I’ve been attending the SEMA Show for approaching 20 years and thought I’d seen everything when, a couple of years ago, a Las Vegas artist created an astounding and gigantic vehicle for the Burning Man gathering in the Black Rock Desert.
But on Tuesday I saw a vehicle at the show that was the most amazing I’ve ever seen, at SEMA or anywhere else, for that matter. The vehicle was a 1958 Chevrolet Impala with a Continental kit, and seemingly every non-glass or rubber surface was covered with what looked like sculptured aluminum but was, in fact, paint.
Displayed by Kuhl Racing and Japanese paint and automotive parts producer Rohan, the car showcased the artistry of custom painter Takahiko Izawa, who is credited with the invention of “metal paint” and for his “unprecedented” technique of “Engraving” an entire car body.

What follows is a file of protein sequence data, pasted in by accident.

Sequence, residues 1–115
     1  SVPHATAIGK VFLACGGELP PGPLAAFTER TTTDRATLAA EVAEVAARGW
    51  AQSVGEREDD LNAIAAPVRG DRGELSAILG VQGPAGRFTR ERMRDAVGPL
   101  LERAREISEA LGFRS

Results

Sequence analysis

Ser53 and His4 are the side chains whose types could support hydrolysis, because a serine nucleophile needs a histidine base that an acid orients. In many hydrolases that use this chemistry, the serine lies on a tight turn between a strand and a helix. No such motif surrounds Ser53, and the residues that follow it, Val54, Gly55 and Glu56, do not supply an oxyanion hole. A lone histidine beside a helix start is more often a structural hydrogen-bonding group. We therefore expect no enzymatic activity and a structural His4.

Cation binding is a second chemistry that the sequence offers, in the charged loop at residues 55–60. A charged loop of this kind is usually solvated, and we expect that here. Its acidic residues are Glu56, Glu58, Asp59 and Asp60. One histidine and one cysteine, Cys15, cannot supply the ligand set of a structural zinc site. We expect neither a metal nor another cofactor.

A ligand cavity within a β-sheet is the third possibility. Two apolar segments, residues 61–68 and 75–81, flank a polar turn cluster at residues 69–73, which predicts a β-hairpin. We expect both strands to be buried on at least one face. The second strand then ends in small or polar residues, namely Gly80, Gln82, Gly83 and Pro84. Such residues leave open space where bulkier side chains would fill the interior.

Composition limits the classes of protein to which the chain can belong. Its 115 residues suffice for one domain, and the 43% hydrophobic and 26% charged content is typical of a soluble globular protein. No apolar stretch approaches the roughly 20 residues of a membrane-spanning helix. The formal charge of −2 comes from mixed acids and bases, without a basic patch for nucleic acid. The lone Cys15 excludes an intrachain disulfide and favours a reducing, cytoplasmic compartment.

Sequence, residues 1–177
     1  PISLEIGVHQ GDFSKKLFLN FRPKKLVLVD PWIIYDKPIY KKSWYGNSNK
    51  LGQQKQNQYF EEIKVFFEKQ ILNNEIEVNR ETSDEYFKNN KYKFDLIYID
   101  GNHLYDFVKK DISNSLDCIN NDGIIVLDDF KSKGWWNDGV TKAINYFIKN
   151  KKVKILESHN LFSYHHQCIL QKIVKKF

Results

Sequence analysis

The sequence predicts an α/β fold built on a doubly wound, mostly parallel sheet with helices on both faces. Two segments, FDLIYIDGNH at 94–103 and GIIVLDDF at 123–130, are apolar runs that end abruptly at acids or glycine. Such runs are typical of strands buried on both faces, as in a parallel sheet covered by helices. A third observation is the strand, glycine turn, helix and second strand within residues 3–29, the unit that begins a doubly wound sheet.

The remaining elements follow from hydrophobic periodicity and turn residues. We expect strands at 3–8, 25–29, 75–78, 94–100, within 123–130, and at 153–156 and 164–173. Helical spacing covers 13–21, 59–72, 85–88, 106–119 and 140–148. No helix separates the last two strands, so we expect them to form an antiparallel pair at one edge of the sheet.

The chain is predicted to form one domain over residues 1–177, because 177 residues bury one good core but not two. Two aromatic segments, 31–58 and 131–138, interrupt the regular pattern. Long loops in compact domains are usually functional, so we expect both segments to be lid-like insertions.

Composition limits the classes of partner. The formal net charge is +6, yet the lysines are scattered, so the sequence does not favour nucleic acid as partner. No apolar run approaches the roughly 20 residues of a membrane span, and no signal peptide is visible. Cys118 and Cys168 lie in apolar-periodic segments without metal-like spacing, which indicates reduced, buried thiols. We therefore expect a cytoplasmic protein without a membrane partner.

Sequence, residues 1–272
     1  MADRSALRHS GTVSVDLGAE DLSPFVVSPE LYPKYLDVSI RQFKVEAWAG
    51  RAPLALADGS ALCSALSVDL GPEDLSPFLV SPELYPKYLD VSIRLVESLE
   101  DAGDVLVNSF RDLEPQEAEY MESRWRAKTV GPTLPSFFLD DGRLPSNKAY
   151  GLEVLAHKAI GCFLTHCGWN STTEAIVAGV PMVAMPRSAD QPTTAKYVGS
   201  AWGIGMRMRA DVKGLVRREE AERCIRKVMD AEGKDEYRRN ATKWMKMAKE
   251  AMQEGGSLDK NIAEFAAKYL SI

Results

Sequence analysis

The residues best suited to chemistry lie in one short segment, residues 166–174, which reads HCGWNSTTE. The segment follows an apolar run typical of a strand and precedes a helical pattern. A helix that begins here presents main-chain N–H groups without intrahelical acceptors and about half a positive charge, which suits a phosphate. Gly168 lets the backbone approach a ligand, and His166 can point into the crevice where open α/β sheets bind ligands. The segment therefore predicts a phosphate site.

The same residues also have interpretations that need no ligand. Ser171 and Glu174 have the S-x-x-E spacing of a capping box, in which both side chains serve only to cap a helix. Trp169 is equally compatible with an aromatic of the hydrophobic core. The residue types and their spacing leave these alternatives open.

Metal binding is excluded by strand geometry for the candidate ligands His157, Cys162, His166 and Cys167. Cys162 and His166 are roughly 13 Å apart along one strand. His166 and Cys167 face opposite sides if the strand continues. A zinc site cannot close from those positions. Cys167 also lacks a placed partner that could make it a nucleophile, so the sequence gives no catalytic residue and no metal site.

Izawa reportedly uses various stencils and spends hours applying and sculpting the painted surfaces to achieve a spectacular 3-D effect. The result is a car that, at first glance, I thought was a metal-covered lowrider.
The metal paint reportedly doesn’t fade or yellow, bleach out or darken from UV exposure.
The process is truly an artistic undertaking, and it results in a piece of automotive fine art. It is beautiful, but like fine art, it also is expensive. Covering a complete car can cost more than $250,000. Indeed, the metal paint and special “engraving” of a single rearview mirror case and base costs $1,000.
Such work can be done in silver or gold finish.
Sharing the Kuhl Racing/Rohan-Izawa Art Design stand at the SEMA Show was a Nissan GT-R done in a shade of G Kandy — 10 such kandy colors are available — and highlighted with Izawa’s graphic and “Grinder Tattoo” patterns, another of his innovations.
The car was amazing, but overshadowed by the adjacent ’58 Chevy.
If you’re impressed — and artistically and automotively skilled enough — Kuhn Racing is looking for U.S.-based dealer/artists to train in Izawa’s techniques.